To achieve this, companies need to align their CSR activities with the company’s business activities. If corporate citizenship efforts do not demonstrate value to customers, employees, and shareholders, as well as the community, they’re less likely to be successful and serve a long term purpose. Below are four ways that businesses can practise an effective corporate social responsibility program that is strategic and sustainable:
Environmental Efforts: Environment is one of the primary focus point of CSR activities. Businesses, regardless of size, should practice waste management in the areas of energy use, water use, recycling. Companies must also take actions to reduce carbon footprints. Environmental CSR primary objective should be to reduce damaging effects on the environment from various business processes. Even the simplest environmental safety and sustainability measures can make a huge difference to the reputation of businesses. To give few examples that anyone can and must follow: - switching off lights - switching of computer, laptops and other office equipment and machinery, when not in use - regulating the use of water - regulating paper wastage
Support Social Causes: Social causes and non-profits look towards businesses and philanthropists for aid and support for their sustenance. Businesses can practice social responsibility by donating money, products or services to social causes and nonprofits. Larger companies can reach out to these causes in plentiful ways, either by being an integral part of their benefit charities and local community programs or can sponsor specific needs through donation of money, time or company's products and services. Such social activities not only benefit the social cause but also help create a caring and sustainable brand image of the company in the minds of consumers, employees and stakeholders.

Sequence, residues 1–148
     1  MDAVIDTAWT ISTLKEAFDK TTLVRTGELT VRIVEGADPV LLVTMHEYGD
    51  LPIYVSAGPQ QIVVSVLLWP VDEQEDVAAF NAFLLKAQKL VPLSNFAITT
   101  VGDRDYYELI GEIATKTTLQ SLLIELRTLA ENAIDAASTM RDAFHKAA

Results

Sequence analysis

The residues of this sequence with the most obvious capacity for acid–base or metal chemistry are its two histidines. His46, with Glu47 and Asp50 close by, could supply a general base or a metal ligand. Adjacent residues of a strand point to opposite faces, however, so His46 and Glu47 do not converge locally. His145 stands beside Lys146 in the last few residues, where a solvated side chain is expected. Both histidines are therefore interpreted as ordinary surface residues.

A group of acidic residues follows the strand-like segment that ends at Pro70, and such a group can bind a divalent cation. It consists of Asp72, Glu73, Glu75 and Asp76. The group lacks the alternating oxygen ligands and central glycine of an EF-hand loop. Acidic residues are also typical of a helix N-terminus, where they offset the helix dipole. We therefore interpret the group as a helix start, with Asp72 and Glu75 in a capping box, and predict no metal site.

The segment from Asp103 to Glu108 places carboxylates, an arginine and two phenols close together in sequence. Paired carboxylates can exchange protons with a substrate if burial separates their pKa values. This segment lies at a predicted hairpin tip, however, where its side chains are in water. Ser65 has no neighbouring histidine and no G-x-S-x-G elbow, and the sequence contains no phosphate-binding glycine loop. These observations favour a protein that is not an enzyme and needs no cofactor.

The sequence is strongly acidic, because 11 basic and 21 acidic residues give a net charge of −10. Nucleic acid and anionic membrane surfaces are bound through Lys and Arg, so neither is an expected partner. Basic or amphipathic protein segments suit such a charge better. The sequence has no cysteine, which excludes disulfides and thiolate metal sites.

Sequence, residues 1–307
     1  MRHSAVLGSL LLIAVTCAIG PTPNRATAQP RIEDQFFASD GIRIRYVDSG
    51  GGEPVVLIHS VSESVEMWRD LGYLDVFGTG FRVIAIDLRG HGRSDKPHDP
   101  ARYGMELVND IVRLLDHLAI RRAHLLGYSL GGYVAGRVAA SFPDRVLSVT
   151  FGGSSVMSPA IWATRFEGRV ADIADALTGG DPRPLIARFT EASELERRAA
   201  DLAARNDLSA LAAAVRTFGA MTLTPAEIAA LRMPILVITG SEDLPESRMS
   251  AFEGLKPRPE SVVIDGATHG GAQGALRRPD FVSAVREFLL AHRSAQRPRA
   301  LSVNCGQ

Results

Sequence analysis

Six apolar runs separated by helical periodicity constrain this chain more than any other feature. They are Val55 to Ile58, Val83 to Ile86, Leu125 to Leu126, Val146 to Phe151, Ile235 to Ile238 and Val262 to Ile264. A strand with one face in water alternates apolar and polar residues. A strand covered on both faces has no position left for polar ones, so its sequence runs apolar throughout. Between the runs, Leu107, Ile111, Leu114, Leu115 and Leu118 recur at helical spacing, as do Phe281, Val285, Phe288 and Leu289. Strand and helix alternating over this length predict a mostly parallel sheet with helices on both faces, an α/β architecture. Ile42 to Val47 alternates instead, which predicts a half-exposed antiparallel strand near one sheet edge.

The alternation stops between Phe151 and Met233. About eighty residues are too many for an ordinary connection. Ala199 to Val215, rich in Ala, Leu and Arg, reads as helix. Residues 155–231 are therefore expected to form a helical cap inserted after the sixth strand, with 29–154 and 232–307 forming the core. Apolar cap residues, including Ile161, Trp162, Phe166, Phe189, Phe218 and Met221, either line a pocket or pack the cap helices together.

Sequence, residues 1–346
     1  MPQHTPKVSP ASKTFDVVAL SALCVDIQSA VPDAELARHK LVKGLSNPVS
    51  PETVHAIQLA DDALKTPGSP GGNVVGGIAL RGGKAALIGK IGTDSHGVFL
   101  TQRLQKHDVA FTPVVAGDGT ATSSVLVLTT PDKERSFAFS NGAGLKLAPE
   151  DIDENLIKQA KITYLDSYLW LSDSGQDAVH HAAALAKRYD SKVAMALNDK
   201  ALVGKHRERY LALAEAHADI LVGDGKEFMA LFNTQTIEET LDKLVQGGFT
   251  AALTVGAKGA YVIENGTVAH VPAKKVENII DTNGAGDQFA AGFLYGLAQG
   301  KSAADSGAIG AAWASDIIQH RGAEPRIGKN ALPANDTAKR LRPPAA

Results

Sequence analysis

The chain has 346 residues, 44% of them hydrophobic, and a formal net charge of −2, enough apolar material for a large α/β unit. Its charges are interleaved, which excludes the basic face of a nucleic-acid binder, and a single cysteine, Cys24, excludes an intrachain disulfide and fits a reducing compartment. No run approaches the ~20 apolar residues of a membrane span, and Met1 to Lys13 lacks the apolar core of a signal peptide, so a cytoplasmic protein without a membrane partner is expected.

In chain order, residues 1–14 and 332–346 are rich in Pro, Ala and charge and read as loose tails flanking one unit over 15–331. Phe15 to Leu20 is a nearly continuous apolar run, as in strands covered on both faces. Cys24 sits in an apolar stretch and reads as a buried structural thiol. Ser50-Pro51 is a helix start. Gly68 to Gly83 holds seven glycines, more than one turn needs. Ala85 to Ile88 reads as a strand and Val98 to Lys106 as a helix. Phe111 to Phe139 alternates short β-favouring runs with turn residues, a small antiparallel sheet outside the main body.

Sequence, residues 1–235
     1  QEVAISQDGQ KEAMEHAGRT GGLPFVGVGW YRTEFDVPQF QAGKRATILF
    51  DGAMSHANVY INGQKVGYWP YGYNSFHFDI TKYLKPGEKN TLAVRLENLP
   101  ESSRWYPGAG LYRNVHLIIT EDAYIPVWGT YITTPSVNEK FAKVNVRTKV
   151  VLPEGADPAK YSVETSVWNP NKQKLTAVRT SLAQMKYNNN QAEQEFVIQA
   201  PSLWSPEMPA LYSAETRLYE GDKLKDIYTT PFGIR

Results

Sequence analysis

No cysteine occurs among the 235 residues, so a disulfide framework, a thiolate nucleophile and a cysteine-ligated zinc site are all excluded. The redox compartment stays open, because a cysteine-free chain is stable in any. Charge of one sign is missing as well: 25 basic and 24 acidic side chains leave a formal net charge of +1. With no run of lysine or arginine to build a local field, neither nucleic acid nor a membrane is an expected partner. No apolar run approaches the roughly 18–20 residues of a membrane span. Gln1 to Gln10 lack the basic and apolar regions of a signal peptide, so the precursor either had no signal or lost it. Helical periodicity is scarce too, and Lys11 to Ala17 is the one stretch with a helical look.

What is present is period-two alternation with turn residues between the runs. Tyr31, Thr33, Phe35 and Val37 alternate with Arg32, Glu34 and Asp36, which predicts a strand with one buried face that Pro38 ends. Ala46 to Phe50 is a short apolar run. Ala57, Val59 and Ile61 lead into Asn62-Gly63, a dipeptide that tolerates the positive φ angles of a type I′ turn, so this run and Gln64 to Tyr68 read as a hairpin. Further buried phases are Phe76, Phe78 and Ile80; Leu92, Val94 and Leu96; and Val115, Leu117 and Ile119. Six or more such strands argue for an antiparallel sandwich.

Ethical Labor Practices: Ethical Labor practices is all about treating employees fairly and ethically. A business which supports ethical labor practices, is well-supported by employee engagement and loyalty, increased retention, and employee productivity. All these lead to positive business benefits. Also involving employees to be part of social responsibility activities is another reason for employees to stay with the company. They find the job more fulfilling when they are able to do their bit to make a positive impact on social and environmental issues. In addition, engaged employees not only stay with the company longer, they also help in creating goodwill for the business.
Volunteering for Social Causes: Making conscious efforts to volunteer and participate in local social causes and programs, organized to create visibility for the cause, says a lot for the company. Especially when the contribution, of time, money or participation, is selfless, and done solely to benefit the cause. Such participation increases the reputation of the business as a credible and responsible organization. They also serve as great opportunities to network, connect with other like-minded professionals and set the groundwork for future collaborations.
Business is not just about making money, come what may. A business can only be sustainable when it broadens its perspectives and include social responsibility activities as part of it culture. No matter the size of the business, implementing socially responsible practices can only benefit businesses, but can create a positive impact in the lives of many and society at large.
By being socially responsible, companies gain a positive and impactful reputation as a business that can be trusted and is sincere. The impact of such reputation can be seen in the increase in clientele, reputation as a great place to work, reputation as a company that can be trusted and a standing in the market as a premium brand.
CSR programs have the potential to help businesses and society progress, together. But one must be aware that this can happen only with understanding and definite CSR efforts. Once this consideration is in place, and time, efforts and revenue is spent to achieve results as anticipated, only then can businesses make their CSR program effective and sustainable.